Seven Surprising Things About New Zealand

Seven Surprising Things About New Zealand

sobel Benesch moved to New Zealand from the United States with her young family.

Here she describes the cultural differences between the two countries and why she loves it here.

We are so used to the mantra “no shirts, no shoes, no service” that when we saw people walk into grocery stores and restaurants without shoes on, we were completely flabbergasted.

I remember being kicked out of Costco in the States because one of my children didn’t have shoes on his feet and they were concerned that there might be glass somewhere on the ground.

We are so used to the mantra “no shirts, no shoes, no service” that when we saw people walk into grocery stores and restaurants without shoes on, we were completely flabbergasted.

I remember being kicked out of Costco in the States because one of my children didn’t have shoes on his feet and they were concerned that there might be glass somewhere on the ground.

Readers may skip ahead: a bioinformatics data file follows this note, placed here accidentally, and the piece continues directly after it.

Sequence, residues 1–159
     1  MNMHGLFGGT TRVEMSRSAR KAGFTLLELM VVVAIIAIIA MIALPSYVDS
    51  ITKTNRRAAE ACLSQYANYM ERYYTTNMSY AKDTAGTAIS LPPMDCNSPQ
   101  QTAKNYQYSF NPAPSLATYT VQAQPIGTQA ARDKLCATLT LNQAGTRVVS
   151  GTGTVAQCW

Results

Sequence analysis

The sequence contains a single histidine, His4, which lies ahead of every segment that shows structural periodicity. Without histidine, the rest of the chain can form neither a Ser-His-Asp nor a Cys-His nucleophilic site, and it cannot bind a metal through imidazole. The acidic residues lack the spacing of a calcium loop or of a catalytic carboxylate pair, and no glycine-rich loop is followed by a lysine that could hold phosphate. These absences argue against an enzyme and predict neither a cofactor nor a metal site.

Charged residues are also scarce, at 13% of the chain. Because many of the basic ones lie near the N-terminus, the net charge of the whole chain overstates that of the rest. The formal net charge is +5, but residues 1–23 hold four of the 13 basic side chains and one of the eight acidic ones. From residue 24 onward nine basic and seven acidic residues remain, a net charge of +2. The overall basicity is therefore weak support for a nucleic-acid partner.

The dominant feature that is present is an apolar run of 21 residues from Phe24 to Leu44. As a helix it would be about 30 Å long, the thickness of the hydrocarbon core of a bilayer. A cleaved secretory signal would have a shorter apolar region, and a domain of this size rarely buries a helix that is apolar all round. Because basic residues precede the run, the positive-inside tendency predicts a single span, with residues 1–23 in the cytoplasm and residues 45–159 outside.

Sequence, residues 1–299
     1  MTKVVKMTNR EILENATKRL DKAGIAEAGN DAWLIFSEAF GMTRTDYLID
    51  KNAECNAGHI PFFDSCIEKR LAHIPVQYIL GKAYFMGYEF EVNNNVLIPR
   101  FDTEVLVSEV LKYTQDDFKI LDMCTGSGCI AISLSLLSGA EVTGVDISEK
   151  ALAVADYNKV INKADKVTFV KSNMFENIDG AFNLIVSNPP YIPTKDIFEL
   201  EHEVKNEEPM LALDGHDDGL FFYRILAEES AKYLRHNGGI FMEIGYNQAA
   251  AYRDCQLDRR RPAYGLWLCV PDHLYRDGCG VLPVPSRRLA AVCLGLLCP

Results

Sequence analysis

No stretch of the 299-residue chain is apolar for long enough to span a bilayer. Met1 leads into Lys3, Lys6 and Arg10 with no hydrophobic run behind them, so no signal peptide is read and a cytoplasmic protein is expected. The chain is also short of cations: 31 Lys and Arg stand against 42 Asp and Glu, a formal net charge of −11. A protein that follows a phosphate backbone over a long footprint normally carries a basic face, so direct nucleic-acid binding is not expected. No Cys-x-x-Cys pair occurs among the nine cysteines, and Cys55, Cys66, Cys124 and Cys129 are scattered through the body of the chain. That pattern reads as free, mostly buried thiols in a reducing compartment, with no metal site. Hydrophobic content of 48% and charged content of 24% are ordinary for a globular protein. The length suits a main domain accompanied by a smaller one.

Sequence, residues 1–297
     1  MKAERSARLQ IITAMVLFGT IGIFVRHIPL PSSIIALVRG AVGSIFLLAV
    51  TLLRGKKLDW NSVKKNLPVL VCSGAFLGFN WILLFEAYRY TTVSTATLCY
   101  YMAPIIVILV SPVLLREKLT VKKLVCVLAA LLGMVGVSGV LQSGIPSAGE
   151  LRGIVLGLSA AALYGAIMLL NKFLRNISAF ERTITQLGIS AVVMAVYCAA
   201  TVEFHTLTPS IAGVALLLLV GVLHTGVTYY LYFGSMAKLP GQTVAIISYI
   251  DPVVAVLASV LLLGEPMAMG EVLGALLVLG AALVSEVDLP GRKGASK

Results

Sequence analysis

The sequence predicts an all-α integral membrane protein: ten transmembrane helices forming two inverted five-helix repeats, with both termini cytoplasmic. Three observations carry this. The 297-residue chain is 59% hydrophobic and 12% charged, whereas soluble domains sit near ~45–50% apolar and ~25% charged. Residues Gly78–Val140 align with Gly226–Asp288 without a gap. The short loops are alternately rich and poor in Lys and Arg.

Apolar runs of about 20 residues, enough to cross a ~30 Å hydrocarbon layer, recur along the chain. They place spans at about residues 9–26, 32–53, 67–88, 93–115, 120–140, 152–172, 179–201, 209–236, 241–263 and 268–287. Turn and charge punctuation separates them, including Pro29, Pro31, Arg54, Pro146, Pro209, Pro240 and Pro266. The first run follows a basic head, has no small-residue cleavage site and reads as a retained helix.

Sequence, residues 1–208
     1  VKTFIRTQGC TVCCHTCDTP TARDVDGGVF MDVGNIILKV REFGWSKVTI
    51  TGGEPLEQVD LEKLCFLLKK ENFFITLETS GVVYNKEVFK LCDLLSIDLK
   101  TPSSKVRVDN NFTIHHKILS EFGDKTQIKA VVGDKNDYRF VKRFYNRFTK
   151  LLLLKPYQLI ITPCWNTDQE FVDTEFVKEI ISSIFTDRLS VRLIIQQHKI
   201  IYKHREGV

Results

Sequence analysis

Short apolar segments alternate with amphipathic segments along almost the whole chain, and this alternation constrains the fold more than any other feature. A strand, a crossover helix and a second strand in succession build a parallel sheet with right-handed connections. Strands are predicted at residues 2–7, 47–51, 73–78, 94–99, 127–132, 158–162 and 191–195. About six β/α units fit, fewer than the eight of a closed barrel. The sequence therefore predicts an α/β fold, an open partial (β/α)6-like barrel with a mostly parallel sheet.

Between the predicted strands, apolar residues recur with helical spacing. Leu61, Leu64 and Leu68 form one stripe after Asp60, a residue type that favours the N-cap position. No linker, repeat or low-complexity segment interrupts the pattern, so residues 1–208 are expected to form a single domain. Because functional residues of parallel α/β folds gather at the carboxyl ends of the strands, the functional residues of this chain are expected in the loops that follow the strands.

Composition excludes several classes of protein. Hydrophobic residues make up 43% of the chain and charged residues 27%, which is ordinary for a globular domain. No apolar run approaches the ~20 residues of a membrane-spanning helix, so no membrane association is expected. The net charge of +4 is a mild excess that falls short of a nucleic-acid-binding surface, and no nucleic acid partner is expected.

We were completely confused when people used aubergine for eggplant, capsicum for bell pepper, togs for swim suit, jandals for flip flops, and chips for French fries.

Tourists in the States are treated with varying degrees of hospitality so despite the fact that I am technically a Kiwi (as both my parents were born and raised here), my husband and I were a little nervous about how receptive New Zealanders would be about outsiders moving into their paradise.

Instead of a “go back home” attitude, people welcomed us with open arms, even telling us “welcome home” on more than one occasion.